The Five Epic Fantasy Books I'm Reading Right Now (plus one epic collection of non-fiction)

"What should I read?" This is an oddly common question that I hear. I have never had a need for that question, my list always exceeds my ability to consume it. I have over five thousand books on my Amazon wish list. Currently, I am focused on six of them, and it's a pretty epic list.

Harry Potter and the Goblet of Fire by J. K. Rowling

I have conducted polls involving hundreds of people in multiple reading groups and there are a lot of inconsistencies, but the top two favorite series have always been the same: Harry Potter and Lord of the Rings. They have always been in that order, with Harry Potter coming out with significantly more votes than Lord of the Rings, we are talking from double to quadruple the votes.

I always liked the movies and knew that I would like the story, the only real question was the style. Rowling has a style that is easy to digest, you can be very tired and still easily move through her writing. I love comparing it to these other styles of fiction writing.

I have noticed two things that I wonder about in her writing. I don't like the Dursleys, and in the early books they start off with the Dursleys. It makes me slow down, I get just slightly bored. The two great sins of writing are boredom and confusion. If you create either one then it becomes a waste of time for the reader. It hasn't been enough for me to stop, and in the later books the role of the Dursleys diminishes, but I have been thinking about it. The problem is that the Dursleys are important in the story of Harry and in the making of his character. You can't have Harry the way he is without the Dursleys, and that needs to be shown. It is a conundrum that I am still ruminating over.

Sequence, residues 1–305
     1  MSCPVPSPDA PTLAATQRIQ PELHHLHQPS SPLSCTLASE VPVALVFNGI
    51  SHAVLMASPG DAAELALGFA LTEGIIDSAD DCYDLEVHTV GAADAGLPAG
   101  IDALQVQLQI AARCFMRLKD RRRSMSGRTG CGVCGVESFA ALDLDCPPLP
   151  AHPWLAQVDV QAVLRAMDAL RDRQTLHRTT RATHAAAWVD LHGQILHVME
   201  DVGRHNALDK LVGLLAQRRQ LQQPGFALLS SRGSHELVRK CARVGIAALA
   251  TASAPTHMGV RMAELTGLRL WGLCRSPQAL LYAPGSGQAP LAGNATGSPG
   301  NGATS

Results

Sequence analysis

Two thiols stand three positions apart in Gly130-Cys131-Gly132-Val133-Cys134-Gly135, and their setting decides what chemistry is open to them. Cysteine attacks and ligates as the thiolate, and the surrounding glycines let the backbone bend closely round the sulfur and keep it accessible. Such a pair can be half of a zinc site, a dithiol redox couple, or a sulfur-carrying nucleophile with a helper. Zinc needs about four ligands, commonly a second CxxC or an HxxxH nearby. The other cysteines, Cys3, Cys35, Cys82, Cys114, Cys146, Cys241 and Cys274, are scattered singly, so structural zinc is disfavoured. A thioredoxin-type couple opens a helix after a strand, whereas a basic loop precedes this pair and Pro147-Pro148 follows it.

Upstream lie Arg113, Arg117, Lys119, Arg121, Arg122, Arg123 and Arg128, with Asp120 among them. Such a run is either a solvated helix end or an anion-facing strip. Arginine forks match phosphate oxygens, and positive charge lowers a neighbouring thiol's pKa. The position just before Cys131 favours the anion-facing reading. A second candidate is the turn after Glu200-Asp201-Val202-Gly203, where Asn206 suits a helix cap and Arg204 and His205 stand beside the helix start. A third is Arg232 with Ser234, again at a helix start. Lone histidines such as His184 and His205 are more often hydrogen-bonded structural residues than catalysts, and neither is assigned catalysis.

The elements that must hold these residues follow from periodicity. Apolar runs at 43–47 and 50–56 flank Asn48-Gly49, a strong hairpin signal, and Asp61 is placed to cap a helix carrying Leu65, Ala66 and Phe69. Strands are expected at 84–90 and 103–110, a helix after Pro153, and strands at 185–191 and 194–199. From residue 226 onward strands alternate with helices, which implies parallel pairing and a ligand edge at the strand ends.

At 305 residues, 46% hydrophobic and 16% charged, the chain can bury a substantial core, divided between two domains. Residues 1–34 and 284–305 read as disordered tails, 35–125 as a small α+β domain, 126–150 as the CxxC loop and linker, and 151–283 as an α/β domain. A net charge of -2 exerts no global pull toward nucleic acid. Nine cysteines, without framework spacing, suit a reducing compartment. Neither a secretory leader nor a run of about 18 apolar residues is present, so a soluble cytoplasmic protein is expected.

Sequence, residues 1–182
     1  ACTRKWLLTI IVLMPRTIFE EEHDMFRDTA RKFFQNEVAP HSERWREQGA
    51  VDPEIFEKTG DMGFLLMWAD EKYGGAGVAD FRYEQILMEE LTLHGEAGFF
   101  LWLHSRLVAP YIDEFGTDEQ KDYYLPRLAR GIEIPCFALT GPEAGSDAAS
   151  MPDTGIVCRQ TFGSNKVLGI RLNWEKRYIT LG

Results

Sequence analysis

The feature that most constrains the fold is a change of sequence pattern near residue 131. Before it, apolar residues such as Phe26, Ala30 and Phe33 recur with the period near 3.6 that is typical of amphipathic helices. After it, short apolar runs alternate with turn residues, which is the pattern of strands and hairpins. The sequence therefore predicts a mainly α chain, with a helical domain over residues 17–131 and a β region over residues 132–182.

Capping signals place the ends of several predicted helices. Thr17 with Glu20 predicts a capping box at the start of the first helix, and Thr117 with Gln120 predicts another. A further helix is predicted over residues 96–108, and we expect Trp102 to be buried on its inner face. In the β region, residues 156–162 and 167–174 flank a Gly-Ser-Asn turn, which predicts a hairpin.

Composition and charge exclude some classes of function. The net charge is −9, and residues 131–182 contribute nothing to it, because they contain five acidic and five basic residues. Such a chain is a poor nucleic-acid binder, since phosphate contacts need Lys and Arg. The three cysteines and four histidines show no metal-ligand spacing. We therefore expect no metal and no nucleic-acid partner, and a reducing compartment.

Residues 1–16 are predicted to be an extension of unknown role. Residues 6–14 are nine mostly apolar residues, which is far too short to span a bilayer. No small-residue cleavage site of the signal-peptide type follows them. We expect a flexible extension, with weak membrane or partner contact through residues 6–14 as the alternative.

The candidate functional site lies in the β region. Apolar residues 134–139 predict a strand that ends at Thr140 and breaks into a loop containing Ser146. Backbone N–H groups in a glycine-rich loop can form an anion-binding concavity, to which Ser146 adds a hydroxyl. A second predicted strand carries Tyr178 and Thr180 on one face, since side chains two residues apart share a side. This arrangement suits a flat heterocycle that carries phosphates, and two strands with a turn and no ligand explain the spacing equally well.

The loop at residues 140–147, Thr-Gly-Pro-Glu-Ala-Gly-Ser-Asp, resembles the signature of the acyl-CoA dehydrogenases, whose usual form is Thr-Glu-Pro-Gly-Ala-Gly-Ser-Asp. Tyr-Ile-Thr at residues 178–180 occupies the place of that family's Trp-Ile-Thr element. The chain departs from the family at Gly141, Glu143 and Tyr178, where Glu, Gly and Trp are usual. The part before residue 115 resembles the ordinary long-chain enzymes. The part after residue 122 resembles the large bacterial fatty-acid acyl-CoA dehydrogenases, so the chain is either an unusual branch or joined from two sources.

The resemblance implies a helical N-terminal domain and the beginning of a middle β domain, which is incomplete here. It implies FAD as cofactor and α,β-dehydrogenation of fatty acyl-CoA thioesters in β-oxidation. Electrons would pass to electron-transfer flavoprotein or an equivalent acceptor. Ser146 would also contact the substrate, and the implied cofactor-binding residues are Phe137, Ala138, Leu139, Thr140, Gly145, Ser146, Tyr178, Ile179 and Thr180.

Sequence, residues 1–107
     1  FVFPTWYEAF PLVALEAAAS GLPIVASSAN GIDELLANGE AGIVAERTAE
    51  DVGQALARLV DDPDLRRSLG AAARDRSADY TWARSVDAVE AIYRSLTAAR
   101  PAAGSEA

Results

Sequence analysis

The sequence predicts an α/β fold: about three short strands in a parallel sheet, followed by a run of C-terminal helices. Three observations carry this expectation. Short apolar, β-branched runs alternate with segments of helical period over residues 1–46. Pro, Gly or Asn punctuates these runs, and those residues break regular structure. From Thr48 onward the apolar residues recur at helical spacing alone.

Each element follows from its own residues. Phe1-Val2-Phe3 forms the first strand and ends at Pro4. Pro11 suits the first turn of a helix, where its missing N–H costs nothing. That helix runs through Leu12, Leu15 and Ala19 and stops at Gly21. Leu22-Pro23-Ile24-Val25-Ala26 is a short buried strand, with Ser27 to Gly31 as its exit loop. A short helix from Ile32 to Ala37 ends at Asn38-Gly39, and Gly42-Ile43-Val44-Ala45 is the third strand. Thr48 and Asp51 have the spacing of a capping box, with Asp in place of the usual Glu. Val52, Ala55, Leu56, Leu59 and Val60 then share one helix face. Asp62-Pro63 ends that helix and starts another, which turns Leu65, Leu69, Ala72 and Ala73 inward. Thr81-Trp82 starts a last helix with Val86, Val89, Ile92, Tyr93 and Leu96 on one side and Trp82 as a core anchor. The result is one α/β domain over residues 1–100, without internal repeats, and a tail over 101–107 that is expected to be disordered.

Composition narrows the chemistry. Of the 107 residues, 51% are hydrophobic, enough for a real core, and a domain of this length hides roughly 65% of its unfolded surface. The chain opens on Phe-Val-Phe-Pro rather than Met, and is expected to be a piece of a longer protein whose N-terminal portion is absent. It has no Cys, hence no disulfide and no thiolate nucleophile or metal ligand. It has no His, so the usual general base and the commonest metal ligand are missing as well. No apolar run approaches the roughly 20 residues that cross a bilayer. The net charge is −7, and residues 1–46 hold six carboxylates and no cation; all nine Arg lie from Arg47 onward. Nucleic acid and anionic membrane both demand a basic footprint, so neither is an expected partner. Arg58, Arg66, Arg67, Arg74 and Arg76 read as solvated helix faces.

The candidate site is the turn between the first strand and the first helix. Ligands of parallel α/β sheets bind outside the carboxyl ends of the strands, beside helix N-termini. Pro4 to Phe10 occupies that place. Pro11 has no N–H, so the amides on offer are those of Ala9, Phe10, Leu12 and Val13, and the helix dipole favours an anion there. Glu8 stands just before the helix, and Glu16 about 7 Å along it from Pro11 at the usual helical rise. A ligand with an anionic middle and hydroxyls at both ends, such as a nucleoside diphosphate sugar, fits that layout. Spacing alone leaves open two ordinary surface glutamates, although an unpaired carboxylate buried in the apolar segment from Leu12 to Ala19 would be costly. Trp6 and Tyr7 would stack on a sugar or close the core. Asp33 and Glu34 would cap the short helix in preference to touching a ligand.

Second, Rowling writes each book in a way that it can almost stand on its own. She throws in little explanations that you don't need if you've read the previous books, but you would need if you haven't. I'm not sure these are needed, but maybe they are. Maybe they are just intended as strong and explicit reminders. When I'm reading they pull me out of the story a little bit, but not too bad.

I'm glad that the story is going to get a bit darker and more serious. These are perfect stories for kids to read as coming of age books, maybe around the pre or early teens. Since they are such a good fit the bond between person and story is formed and will last a lifetime, probably longer. I am enjoying them myself.

I'm on page 95 of book 4 in this series.

The Lord of the Rings - The Fellowship of the Ring by J. R. R. Tolkien

This has been on my list for a long time. I've looked at it, and The Hobbit, a number of times over the last couple of decades. The style never particularly appealed to me, but I am enjoying it now. Tolkien writes fiction like he is writing an excellent history in narrative form, the only difference is that it's fantasy. With that view in mind Lord of the Rings is great.

At some point I want to dissect this style more, actually that goes for all of these books, but I am focused on Replay by Ken Grimwood at present concerning style assimilation. It seems that Tolkien rarely uses interstitials, and maybe that's part of the style difference, but it's far from the whole of it. That is an article for another day.

I'm on page 65 of book 1 in this series.

The Chronicles of Narnia - The Horse and His Boy by C. S. Lewis